A region of the brain that extends through both hemispheres, the planum temporale, is larger in the left than in the right hemisphere. In the 1960s, this finding was linked to the hosting of language processing in the left hemisphere, but new research from one of the Human Brain Project’s research partners has shown this asymmetry is not a marker of language lateralisation.
The number of jobs running on the Human Brain Project’s two neuromorphic machines is steadily increasing, as the hardware systems and software continue to be refined.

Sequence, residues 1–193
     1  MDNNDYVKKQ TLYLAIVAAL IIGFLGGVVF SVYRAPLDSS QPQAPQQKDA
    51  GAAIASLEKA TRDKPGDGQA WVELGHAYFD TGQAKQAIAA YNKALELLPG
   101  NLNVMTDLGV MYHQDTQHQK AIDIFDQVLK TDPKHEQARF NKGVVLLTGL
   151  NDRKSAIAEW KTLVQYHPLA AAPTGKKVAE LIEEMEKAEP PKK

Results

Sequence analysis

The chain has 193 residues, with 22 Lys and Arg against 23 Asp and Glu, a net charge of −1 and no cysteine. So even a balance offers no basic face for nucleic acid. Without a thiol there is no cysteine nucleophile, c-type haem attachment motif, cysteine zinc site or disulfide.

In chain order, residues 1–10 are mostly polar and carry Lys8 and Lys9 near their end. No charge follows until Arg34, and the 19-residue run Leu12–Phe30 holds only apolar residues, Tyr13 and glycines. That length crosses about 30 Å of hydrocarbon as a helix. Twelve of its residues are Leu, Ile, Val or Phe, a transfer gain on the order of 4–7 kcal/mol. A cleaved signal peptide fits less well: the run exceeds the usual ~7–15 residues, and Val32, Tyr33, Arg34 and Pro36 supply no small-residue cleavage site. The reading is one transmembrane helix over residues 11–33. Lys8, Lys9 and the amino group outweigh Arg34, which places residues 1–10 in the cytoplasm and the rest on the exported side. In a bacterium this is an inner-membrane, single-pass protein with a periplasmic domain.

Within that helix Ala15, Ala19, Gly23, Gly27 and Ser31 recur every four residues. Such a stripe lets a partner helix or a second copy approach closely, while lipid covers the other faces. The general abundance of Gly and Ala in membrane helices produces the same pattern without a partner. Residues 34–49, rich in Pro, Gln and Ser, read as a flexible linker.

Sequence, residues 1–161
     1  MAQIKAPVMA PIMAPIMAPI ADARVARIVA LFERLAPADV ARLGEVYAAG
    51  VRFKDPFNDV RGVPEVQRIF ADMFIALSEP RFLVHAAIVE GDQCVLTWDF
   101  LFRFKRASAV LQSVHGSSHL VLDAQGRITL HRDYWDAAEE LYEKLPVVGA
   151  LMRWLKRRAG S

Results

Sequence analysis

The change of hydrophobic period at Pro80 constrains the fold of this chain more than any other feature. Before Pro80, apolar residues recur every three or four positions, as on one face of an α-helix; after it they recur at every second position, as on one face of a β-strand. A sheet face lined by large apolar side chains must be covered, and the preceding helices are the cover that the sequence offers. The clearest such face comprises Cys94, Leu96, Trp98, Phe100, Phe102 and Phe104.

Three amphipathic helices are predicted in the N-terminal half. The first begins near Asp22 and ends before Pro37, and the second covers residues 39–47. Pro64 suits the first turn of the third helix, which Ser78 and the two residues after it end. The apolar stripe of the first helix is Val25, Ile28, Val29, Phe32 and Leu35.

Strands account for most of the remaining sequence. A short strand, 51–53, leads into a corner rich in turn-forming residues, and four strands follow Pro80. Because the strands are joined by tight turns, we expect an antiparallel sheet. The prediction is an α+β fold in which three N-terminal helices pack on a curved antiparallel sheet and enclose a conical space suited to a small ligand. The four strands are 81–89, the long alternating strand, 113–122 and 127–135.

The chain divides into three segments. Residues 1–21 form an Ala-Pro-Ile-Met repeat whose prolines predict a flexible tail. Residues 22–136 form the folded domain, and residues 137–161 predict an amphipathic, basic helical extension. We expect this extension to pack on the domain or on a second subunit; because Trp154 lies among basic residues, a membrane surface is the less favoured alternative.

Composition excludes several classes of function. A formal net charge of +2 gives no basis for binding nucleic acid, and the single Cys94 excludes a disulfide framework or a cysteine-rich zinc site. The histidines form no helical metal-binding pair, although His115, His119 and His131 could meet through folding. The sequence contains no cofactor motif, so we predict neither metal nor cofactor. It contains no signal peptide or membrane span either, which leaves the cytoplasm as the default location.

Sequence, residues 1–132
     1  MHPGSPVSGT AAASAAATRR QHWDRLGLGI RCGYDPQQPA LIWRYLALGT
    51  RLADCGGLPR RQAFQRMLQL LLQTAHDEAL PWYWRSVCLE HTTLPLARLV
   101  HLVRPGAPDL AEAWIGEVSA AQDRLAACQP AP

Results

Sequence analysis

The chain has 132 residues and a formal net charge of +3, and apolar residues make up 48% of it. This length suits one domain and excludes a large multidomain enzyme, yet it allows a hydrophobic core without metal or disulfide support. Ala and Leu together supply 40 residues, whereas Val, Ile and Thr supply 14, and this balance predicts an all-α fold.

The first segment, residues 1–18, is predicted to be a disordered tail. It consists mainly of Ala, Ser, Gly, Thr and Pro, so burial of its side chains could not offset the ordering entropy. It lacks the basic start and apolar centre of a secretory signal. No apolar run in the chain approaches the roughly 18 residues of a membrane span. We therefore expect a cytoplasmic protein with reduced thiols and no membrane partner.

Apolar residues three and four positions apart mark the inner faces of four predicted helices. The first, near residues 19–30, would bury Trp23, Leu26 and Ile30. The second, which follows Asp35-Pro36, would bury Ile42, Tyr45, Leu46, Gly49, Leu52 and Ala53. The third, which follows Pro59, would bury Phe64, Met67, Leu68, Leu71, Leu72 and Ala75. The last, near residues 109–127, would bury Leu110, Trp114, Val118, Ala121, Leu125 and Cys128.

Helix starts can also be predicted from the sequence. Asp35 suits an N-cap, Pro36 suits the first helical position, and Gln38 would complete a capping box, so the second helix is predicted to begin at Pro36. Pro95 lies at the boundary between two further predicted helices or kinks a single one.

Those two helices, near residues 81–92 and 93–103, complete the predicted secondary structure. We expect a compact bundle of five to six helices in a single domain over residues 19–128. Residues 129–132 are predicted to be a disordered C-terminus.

Three times a second, 10,000 times every hour, your eyes saccade, jump in unison, shifting their focus from one spot in the visual field to another. And yet the world never appears to leap about or shake as it would if a camera were doing the same. Why?
New research shows the brain remains interconnected during non-REM sleep, which was thought not to happen.
Human Brain Project scientist Viktor Jirsa is the head of a team creating personalised brain models for patients with intractable epilepsy. He explains the process and how the HBP’s brain models and cross-displinary collaborations are central to a new way of targeting epilepsy surgery.
An introduction to slow waves in the brain, with HBP scientist Maurizio Mattia.
Here you can find a list of the Society for Neuroscience 2017 Posters and Symposia that present work done by or in association with the Human Brain Project.